Until the 19th century Ngāti Apa did not really exist as a distinct tribe. Before then, descendants of Apa-hāpai-taketake lived as part of other tribes and sub-tribes in the Ngā Wairiki and Rangitīkei areas.
Invasion from the north
This situation changed in the 19th century when tribes armed with muskets, wanting to acquire new lands and resources, arrived from the north. From the early 1820s these tribes, which included Ngāti Toa, Ngāti Raukawa, and Te Āti Awa and others from Taranaki, settled on the Kāpiti Coast. Their arrival altered the balance of power in the lower North Island and led to alliances and warfare among the tribes already living there.
The battle of Kōhurupō pā
An event that was instrumental in shaping Ngāti Apa as a distinct tribe was warfare between the peoples of Ngā Wairiki and Whanganui. Around 1836 Whanganui tribes attacked Kōhurupō pā. The pā was almost sacked, but fortunes changed when a Ngā Wairiki fighter killed a leading Whanganui chief, Takarangi Atua. Because he was such an important leader, members of Ngā Wairiki expected that the Whanganui people and their allies would seek vengeance on a scale that could destroy them. They formed an alliance with the people of Rangitīkei. It was agreed that all the sub-tribes would converge at Parewanui, on the north bank of the Rangitīkei River, to present a united defence against any attack. The alliance was supported by the Ngāti Raukawa tribe, who occupied Te Poutū pā on the opposite side of the river. A third settlement at Te Awahou, seaward of Te Poutū on the south bank of the river, was also fortified. This alliance of Ngā Wairiki and Rangitīkei peoples gave rise to a sense of tribal unity.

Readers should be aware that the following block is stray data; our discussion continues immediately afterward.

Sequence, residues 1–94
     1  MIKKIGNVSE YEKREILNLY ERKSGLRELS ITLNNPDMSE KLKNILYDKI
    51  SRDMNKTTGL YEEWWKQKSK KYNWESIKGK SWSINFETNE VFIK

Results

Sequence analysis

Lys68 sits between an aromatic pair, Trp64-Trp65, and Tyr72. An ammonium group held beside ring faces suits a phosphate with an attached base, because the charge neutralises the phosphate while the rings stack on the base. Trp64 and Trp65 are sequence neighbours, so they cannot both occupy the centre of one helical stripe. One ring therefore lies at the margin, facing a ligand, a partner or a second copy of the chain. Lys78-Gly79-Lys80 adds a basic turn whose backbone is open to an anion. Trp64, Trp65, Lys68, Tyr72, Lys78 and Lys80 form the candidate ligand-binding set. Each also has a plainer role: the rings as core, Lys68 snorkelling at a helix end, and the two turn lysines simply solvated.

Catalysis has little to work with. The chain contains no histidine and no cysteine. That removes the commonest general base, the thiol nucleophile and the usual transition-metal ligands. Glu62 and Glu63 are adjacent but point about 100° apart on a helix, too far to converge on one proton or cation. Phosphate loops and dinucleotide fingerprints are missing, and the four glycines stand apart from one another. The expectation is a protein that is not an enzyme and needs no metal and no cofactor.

European recognition of Ngāti Apa
In May 1840 the Treaty of Waitangi was brought to a settlement called Tāwhirihoe, at the mouth of the Rangitīkei River. It was signed by three Rangitīkei leaders, Te Hākeke, Mohi Mahi and Taumaru, who were described by the missionary Henry Williams as belonging to Ngāti Apa. In the 1840s the Anglican missionaries John Mason and Richard Taylor began working among the people of Whanganui and Rangitīkei; their records referred to the people at Parewanui and Te Awahou as Ngāti Apa. Later in the 1840s, when negotiating a major land purchase known as the Rangitīkei–Turakina transaction, the government agent Donald McLean referred to all the people from Ngā Wairiki and Rangitīkei as Ngāti Apa.
Within the space of about 13 years – between the battle of Kōhurupō and the Rangitīkei–Turakina transaction – Ngāti Apa had become a distinct tribe.